The Maritime History of the Great Lakes
Weekly British Whig (Kingston, ON), 4 Jan 1894

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p.3 Capt. Craig, who owned and sailed the schr. Hanlan last season, died in Ottawa on Wednesday. He was about thirty-five years of age.

Jan. 11, 1894



The Calvin company's new tug Reginald was successfully launched at 4:30 p.m. on Saturday. The steamer glided gracefully into the water and looks very pretty indeed. She is named after Hiram Calvin's youngest son, Reginald, (or Rex, as he is familiarly called). The vessel was modelled and built for the company by Thomas Brien, foreman, and is 108 ft. keel, 118 feet over all and 21 ft. 4 in. beam. Her engines are of the compound inverted type with cylinders 17 and 34 inches and a common stroke of 26 inches. Her cranks are set at right angles. The boiler is of Siemens-Martin steel plate of the cylindrical Scotch type 11 ft. 6 in. in diameter, 12 feet long, 182 tubes, 3 1/2 inches diameter, 9 feet long, 3 furnaces. It is built by John Inglis & Son, Toronto, and will carry a working pressure of 140 lbs. to the square inch. The engine is being built by the Calvin company in its own shop at Garden Island and is expected to run at about 600 feet per minute and develop 800 horse power.

The engines are reversed by steam with an auxiliary engine of beautiful construction and so powerful and positive in its motion that the engines can be stopped and reversed instantly under full steam. The bearings are lined with magnolia metal to prevent heating. She has an independent air pump and condenser which has a field of usefulness that is at once apparent to those who will consider its functions.

In addition to the above, the steamer is fitted with a patent steam windlass and capstan for raising her anchors, hauling in tow lines, loading steam pumps and apparatus on wrecked vessels, etc., and it is so arranged that if there is no steam in the boiler it can be instantly changed to work by hand with the ordinary patent brakes. The steamer is intended for wrecking purposes and barges on the great lakes and river St. Lawrence.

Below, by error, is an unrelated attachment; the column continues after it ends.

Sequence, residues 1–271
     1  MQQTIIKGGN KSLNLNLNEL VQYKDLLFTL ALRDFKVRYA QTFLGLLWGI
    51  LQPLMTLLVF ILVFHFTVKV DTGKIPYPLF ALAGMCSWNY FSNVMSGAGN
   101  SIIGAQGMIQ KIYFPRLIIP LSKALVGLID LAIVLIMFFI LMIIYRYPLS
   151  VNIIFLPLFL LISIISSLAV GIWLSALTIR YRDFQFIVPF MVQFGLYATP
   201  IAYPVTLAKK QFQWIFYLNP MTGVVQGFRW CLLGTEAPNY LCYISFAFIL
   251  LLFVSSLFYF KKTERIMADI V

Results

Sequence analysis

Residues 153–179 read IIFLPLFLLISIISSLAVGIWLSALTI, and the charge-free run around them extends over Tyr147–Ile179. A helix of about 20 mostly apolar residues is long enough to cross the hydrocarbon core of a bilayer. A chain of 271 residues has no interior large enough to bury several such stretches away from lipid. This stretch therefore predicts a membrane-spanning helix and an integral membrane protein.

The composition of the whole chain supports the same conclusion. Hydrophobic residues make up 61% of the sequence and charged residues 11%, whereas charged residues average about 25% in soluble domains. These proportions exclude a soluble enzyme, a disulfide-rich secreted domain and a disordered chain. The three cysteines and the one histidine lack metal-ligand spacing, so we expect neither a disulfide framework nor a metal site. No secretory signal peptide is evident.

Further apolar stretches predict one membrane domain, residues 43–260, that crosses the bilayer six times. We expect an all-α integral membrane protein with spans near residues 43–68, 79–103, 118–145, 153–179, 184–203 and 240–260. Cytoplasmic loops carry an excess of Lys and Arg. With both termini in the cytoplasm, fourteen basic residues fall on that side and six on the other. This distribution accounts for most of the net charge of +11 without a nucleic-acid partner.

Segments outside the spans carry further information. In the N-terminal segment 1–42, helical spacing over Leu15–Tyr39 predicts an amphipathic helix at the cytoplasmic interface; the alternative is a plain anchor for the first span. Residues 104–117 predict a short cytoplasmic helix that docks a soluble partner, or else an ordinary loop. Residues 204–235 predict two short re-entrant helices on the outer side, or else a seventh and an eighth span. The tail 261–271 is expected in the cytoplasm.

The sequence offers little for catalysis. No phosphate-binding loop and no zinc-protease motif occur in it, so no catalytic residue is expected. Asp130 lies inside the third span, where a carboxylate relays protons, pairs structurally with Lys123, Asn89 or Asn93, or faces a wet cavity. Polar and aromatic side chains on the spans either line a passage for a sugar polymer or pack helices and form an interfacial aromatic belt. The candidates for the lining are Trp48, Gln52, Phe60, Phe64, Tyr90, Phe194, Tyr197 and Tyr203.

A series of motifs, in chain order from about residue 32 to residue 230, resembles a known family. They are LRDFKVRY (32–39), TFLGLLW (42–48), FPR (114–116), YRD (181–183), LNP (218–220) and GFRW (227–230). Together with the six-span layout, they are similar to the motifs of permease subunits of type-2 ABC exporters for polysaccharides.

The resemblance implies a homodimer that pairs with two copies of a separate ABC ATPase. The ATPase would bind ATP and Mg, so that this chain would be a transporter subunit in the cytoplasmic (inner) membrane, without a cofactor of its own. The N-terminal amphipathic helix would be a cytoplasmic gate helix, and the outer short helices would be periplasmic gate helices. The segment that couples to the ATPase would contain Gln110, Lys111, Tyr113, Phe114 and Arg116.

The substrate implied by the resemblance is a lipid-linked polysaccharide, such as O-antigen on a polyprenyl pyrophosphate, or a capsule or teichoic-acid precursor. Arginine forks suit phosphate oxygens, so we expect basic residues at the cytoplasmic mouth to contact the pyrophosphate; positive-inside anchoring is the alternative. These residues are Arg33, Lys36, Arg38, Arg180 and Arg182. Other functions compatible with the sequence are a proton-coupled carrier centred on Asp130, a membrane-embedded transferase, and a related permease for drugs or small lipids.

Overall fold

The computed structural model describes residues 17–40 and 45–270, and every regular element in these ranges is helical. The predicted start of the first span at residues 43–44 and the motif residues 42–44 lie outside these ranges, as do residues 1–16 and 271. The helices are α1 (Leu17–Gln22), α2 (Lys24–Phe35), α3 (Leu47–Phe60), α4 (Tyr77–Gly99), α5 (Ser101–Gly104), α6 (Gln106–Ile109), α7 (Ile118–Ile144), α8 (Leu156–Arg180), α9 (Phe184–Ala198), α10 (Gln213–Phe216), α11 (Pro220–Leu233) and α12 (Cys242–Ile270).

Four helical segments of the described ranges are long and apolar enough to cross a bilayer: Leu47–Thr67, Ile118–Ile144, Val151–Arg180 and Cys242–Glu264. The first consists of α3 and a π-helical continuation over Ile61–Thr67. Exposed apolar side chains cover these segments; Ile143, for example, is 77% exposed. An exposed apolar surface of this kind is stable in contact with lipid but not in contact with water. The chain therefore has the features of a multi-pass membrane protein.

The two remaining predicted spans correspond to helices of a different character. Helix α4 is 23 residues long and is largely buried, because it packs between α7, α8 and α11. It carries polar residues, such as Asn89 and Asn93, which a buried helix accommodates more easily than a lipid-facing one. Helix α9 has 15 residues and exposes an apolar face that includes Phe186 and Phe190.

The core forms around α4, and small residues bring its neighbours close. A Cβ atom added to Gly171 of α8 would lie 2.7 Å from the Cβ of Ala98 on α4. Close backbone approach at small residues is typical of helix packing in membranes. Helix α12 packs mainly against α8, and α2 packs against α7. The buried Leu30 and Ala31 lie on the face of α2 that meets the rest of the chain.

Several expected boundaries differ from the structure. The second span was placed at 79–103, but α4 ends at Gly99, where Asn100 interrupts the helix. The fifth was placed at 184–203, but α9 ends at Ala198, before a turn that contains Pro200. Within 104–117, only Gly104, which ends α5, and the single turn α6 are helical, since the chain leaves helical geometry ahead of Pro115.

The str. James Swift will lay here on Sundays next year.

The state rooms will be taken out of the Rideau Belle. She will be made into an excursion steamer.

The Thousand Island steamboat company have had made in New York two large electric searchlights for the steamers Empire State and St. Lawrence. They will be the most powerful ever seen on the river.

A Controlling Interest - It is reported that the New York Central has acquired a controlling interest in the Thousand Island steamboat company, and, in connection with Folger Bros., will put on a line of steamers from Charlotte to the Thousand Islands the coming season. H. Walter Webb was elected a director of the company at the last meeting of the board. [Detroit Free Press]

p.5 Kingston In Brief - Capt. Noonan will have a search light put on the str. James Swift.

Capt. Macdonald, master of the tug McArthur, says the prospects for vessel business next season are bright.

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4 Jan 1894
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  • Ontario, Canada
    Latitude: 44.22976 Longitude: -76.48098
Rick Neilson
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pd [more details]
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Public domain: Copyright has expired according to the applicable Canadian or American laws. No restrictions on use.
Maritime History of the Great Lakes
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Weekly British Whig (Kingston, ON), 4 Jan 1894